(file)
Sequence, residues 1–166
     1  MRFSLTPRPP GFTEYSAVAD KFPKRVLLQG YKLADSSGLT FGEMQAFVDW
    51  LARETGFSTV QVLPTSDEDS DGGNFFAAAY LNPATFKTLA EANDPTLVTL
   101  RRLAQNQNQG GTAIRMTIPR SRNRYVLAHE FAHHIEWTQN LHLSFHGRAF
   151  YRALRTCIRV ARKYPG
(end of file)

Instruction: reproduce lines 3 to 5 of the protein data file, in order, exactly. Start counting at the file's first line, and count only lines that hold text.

    51  LARETGFSTV QVLPTSDEDS DGGNFFAAAY LNPATFKTLA EANDPTLVTL
   101  RRLAQNQNQG GTAIRMTIPR SRNRYVLAHE FAHHIEWTQN LHLSFHGRAF
   151  YRALRTCIRV ARKYPG